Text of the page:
Claude Joseph Dorat (31 December 1734 – 29 April 1780) was a French writer, also known as Le Chevalier Dorat.
He was born in Paris, of a family consisting of generations of lawyers, and he joined the corps of the kings musketeers. He became fashionable for his work, Réponse d'Abélard à Héloise ("Abelard's Answer to Heloise"), and followed up this first success with a number of heroic epistles, Les Victimes de l'amour, ou lettres de quelques amants célébres (1776) ("Victims of Love, or Letters from some famous lovers").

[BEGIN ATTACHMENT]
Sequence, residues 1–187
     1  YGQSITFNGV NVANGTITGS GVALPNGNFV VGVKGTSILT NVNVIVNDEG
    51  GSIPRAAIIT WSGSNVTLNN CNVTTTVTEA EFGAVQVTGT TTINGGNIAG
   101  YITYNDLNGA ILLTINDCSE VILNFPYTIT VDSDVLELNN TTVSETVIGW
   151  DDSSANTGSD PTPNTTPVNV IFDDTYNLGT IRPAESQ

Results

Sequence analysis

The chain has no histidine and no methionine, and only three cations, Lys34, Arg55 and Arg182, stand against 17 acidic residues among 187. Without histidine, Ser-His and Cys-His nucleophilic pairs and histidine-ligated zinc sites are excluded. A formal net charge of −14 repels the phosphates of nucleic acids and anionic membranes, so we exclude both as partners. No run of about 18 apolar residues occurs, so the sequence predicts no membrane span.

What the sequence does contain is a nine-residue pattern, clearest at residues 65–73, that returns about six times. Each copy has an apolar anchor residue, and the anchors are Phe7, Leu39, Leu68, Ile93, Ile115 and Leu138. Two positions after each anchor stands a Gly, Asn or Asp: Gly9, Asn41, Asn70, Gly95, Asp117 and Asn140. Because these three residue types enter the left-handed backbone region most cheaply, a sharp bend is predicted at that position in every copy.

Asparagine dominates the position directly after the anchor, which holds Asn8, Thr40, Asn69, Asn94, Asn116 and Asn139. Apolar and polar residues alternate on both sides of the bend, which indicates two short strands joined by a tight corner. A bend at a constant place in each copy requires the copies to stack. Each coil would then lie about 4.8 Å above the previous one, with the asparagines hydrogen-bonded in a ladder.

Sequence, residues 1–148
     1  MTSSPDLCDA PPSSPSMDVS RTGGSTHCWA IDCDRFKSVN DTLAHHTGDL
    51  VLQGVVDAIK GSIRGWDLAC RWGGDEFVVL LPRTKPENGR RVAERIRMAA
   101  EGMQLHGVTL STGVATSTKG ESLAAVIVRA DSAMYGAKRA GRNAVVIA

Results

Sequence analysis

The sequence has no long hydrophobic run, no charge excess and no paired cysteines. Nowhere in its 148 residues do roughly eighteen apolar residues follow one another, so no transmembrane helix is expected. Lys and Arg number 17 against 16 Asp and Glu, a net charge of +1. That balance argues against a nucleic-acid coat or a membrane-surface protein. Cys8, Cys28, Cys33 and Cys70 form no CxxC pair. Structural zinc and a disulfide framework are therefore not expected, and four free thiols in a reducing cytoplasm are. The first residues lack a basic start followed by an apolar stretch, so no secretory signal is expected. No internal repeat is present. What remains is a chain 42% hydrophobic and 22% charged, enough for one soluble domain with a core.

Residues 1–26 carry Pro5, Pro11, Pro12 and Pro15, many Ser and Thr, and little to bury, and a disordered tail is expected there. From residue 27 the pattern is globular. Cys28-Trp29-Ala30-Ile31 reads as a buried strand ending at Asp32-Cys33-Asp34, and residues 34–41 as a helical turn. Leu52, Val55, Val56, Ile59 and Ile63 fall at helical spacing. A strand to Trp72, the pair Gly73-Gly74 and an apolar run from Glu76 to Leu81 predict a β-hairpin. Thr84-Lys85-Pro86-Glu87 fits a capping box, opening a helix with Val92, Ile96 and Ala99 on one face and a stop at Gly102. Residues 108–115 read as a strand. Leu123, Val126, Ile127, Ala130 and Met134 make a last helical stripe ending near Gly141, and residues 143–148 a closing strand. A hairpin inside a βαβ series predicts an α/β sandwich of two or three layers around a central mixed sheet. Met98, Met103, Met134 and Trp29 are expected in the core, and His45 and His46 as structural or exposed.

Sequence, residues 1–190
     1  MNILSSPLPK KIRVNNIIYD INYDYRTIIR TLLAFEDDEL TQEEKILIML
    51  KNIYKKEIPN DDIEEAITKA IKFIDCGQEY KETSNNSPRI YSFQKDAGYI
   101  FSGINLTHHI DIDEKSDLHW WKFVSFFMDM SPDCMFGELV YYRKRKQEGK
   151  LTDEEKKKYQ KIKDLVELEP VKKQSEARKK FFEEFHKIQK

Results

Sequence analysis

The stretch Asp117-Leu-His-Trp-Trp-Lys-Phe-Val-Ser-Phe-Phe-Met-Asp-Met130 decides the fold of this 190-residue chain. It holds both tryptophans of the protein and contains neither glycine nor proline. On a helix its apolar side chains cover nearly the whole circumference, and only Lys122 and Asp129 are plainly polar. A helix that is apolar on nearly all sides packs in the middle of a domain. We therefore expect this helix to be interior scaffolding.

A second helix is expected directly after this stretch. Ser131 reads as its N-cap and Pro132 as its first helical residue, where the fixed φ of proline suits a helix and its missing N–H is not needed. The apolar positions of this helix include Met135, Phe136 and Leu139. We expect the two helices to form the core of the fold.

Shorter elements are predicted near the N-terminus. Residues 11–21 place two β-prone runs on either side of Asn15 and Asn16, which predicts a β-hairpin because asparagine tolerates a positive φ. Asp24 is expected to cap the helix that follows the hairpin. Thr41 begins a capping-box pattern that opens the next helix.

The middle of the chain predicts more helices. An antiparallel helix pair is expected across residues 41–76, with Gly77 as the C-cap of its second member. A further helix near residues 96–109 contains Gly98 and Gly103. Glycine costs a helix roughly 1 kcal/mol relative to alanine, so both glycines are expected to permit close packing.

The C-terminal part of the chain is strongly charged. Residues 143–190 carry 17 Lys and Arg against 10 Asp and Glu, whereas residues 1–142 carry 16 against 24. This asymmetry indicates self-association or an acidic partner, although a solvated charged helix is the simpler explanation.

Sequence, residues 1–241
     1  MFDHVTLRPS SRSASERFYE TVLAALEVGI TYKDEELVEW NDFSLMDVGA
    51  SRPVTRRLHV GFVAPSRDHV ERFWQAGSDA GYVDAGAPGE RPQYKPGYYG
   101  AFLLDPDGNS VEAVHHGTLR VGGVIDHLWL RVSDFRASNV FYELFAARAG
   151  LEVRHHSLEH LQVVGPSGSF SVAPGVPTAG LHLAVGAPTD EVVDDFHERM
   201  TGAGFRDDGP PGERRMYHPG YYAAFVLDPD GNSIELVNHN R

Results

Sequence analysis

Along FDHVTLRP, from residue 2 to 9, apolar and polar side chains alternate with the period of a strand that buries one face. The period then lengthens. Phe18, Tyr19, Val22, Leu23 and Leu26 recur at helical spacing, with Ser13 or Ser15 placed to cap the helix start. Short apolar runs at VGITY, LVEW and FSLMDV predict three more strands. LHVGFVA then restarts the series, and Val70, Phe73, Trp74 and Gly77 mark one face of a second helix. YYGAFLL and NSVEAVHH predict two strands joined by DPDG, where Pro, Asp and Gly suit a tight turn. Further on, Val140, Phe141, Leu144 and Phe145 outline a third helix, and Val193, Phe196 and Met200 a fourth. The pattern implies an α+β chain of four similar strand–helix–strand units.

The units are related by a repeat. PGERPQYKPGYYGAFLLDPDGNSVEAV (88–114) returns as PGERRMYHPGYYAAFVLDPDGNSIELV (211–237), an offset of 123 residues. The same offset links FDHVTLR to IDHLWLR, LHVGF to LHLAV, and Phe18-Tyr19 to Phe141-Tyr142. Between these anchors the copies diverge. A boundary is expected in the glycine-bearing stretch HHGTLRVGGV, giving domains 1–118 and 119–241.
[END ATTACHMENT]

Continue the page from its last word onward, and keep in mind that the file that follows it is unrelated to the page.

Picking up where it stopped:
Besides light verse he wrote comedies, fables and, among other novels, Les Sacrifices de lamour, ou lettres de la vicomtesse de Senanges et du chevalier de Versenay (1771). He tried to cover his failures as a dramatist by buying up large numbers of seats for performances, and his books were lavishly illustrated by good artists and expensively produced, in order to secure their success. Nevertheless, he managed to attract hatred both of the philosophe party as well as of their arch-enemy, Charles Palissot, and thus cut himself off from the possibility of academic honours. Le Tartufe littéraire (1774) attacked La Harpe and Palissot, and at the same time D'Alembert and Mlle de Lespinasse.